Punk rock is a rare music genre. It becomes the identity of its fans; they don't just listen to punk, they become punks, and many stay that way well into adulthood.
I became a punk at 12. Two decades later, I still rock black-and-white band t-shirts and walk around with my headphones on, the Misfits and Black Flag blasting in my ears.
The magic of being punk is that it licenses a certain freedom from social norms. Thinking back to the moment when I realized I could just do what I wanted still feels as freeing and uplifting now as it did back then. The power and drive that freedom inspires on full display in the show Void California: 1975-1989, curated by CCA's graduating curatorial practice class at the Wattis Institute.
The core of the punk ethos is "just go for it," an attitude demonstrated in the prolific output of Raymond Pettibon, patron saint of punk art. His zines, paintings and drawings dominate the Void California show, but with good reason. Pettibon's work for Black Flag is iconic, and his style -- menacing ink figures accompanied by disjointed phrases -- conveyed the urban experience during a dangerous and desperate time.
The exhibit paints a comprehensive picture of what the spectrum of punk art looked like in the 14 years represented. On one side is the work intended to shock: the graphic photography of Vile magazine and the crude, Ralph Steadman-like drawings of Fred Tomaselli.
Other reaction-causing work -- inciting fear instead of disgust -- comes from Survival Research Laboratories, whose performances featured destructive, threatening machines smashing objects and lots (and I mean lots) of fire. Their performances, which occurred in random parking lots, were described as both scary and exhilarating by those who saw them.
The majority of the work in Void California comes from the other side of the spectrum, from artists seeking not to shock, but to make thought-provoking work. Photography by Ruby Ray and Bruce Kalberg would fit equally well into a "fine art" gallery exhibition, totally separate from its punk context. While Ray's photos focus on characters in the San Francisco punk scene through a documentary lens that could belong to Lee Friedlander, Kalberg's photos take LA's most notable scenesters and portray them as rare, beautiful creatures caught in the wild. His shot of Screamers' vocalist Tomato du Plenty in a spiky tribal outfit will burn into your consciousness like a sun flare.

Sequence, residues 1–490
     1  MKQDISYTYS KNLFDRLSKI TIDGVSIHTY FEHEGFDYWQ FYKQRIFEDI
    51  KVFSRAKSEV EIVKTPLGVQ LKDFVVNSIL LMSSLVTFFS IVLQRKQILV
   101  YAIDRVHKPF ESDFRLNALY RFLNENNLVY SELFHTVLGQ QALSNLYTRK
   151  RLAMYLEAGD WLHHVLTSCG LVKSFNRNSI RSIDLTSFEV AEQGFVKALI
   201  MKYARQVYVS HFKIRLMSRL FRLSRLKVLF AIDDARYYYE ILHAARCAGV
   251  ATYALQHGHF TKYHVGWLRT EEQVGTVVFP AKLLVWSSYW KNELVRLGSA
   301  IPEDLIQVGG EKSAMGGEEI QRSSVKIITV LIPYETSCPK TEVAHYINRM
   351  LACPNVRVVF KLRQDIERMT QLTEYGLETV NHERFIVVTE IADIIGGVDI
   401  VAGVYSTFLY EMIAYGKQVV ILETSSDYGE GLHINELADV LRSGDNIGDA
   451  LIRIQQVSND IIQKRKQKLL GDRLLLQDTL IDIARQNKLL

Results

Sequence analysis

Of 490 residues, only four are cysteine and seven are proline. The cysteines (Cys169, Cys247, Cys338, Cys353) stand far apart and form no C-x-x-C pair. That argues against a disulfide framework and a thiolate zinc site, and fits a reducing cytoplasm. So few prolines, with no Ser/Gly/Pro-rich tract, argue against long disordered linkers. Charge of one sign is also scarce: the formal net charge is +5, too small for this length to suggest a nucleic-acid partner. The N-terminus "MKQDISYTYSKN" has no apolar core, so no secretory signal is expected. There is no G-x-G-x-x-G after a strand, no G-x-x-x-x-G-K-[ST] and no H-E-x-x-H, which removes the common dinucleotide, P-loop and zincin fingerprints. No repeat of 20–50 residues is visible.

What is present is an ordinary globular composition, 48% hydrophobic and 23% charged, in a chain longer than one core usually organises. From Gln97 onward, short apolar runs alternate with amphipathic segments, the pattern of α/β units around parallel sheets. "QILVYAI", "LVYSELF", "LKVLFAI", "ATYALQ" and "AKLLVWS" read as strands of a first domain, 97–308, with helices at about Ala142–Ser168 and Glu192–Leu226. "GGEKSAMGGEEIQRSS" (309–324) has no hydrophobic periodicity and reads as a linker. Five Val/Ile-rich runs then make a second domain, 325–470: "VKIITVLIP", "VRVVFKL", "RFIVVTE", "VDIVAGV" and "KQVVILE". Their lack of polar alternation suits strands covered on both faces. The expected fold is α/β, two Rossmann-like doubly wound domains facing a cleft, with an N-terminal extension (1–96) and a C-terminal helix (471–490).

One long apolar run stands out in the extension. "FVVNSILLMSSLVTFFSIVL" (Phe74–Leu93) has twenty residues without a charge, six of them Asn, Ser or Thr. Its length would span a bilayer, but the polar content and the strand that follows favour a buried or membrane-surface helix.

While about half of the exhibition is art, the other half is made up of museum-worthy artifacts. Televisions screen short but influential documentaries from filmmakers like Joe "Target Video" Rees -- namely his footage of the psychobilly kings the Cramps playing Napa Mental State Hospital and former-Dead Kennedys frontman Jello Biafra's San Francisco mayoral campaign.
Greta Snider's schizophrenic 5-minute-long Hard Core Home Movie is also well worth a viewing. The 16mm footage comes from the infamous San Francisco venue The Farm, a no-holds-barred punk venue, the likes of which would never be allowed to exist today.
Negativland, Bay Area tape wizards known mostly for their far-from-subtle political commentary and their pranks on the media (or whoever else they don't like), provide artifacts from A 10-8 Place, their landmark concept album about life in Contra Costa County. Not only does the exhibition include a few of the hundreds of tape reels used to make the album, a vitrine holds a sampling of the grass clippings Negativland stuffed in each record they pressed.
For any casual gallery-goer, Void California succeeds in proving the artistic merit of punk-made art from a pivotal moment in the state's cultural history. But those who will appreciate this collection the most are the punk fans who seek to ingest any and all memorabilia from the genre that changed their lives.
Void California: 1975-1989 is on view at the CCA Wattis Institute for Contemporary Arts in San Francisco until April 9. Admission is free and gallery hours vary; for more information, visit wattis.org.